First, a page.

Provident were rife in this area. It's very common for them to lend money (at typically 70%), where a £100 cash loan will cost £3/week for 54 weeks. Moreover, the customer can have several "clubs" running at the same time, but at some stage, the collector will insist on putting all outstanding debt (being the balance of payments remaining) onto a new club attracting a new lot of credit charges. (eg £100, paid 27 weeks £81. £81 outstanding (remember, only £100 borrowed and payments made for over six months) put on new club so £81 means total repayments of £131.22 - FOR THAT CLUB, together with all the other mid-term arrangements.) These customers often only see the weekly amount to judge if they can afford to borrow.


    Another company is Family Finance and a subsidary/sister company Family Television. Family Television are the old slot TVs where the monthly loan repayment is collected in a slot on the side of the box and the collector empties the box once a month and refunds anything over the repayment: many families see this as a gift! Naturally, if viewing has been low (unlikely), the customer has to make up the difference.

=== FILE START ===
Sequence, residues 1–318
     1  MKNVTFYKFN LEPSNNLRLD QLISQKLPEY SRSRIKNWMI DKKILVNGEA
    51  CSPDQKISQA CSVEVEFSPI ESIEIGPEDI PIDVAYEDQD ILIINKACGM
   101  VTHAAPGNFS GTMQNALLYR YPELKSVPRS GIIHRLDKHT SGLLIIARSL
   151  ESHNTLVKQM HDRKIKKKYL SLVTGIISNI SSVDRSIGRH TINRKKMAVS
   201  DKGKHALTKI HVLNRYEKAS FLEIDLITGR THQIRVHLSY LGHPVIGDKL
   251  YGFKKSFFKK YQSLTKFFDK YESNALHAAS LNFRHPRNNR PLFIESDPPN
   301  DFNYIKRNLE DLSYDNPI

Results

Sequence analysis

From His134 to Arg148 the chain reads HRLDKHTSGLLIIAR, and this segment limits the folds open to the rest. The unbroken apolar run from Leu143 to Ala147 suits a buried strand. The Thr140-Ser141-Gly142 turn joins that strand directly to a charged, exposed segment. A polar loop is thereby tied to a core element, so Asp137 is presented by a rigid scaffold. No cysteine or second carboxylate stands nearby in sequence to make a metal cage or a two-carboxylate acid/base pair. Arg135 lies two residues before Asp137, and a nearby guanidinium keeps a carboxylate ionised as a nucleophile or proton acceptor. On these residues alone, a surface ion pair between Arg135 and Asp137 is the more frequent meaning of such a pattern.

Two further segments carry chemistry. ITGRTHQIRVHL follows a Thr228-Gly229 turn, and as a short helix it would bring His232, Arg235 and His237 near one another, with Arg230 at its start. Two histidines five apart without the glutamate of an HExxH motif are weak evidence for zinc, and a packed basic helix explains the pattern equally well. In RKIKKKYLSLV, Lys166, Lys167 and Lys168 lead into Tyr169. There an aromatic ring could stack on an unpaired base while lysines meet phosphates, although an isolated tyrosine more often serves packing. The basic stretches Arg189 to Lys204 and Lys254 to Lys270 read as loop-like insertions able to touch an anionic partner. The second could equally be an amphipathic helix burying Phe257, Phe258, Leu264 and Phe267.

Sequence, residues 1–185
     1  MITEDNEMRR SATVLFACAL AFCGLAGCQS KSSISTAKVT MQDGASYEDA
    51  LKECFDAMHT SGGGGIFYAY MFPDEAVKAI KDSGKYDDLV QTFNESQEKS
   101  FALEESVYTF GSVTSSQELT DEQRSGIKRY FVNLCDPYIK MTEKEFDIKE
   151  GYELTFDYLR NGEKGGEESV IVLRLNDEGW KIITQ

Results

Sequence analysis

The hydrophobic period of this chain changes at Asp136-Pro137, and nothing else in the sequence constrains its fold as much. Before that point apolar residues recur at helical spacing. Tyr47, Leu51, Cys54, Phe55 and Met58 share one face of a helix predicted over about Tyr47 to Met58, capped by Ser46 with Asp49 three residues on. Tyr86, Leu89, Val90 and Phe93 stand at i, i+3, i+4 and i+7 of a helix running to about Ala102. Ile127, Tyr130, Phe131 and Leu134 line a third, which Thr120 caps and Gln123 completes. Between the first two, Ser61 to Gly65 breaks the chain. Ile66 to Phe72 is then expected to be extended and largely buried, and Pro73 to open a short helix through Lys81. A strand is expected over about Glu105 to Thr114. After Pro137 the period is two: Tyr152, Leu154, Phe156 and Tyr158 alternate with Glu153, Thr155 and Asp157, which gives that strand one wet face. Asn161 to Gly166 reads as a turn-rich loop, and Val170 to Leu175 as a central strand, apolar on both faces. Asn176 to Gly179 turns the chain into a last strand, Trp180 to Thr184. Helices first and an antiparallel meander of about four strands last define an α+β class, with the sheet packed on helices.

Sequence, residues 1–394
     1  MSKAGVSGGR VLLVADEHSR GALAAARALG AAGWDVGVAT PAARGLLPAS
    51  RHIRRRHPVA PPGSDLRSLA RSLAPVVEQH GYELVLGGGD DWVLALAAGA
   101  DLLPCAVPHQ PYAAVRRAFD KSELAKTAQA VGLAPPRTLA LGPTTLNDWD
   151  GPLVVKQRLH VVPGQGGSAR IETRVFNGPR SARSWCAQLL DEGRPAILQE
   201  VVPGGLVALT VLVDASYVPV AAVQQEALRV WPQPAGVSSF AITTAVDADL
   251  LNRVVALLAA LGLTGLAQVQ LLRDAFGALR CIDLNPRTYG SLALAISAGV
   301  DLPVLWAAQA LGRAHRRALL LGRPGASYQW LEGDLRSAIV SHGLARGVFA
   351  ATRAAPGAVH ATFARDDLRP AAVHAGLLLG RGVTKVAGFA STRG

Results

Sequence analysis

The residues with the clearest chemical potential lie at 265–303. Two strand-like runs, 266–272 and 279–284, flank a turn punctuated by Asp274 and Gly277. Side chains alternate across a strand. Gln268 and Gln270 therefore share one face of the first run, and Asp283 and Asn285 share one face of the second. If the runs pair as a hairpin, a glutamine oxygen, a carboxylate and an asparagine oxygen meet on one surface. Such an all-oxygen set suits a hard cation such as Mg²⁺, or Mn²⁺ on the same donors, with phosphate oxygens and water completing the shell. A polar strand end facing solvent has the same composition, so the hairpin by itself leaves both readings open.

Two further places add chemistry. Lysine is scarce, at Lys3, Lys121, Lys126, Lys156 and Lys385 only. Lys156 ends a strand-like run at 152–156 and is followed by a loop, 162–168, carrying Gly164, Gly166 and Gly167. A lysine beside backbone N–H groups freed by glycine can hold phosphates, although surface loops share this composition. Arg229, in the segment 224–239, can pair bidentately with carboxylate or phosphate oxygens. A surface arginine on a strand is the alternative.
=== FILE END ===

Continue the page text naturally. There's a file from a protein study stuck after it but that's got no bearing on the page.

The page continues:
A typical APR is 45%. I asked some people what this meant and was told "I've no idea: I just know I get xx hours for a quid and I usually get some of it back."

    Once the loan is coming to the end of its term, the collectors start the tactics: "You've got used to this money going out now, is there anything else you need -a fridge or cooker perhaps? We can just put in on your TV slot for you." Many saw this as a free gift!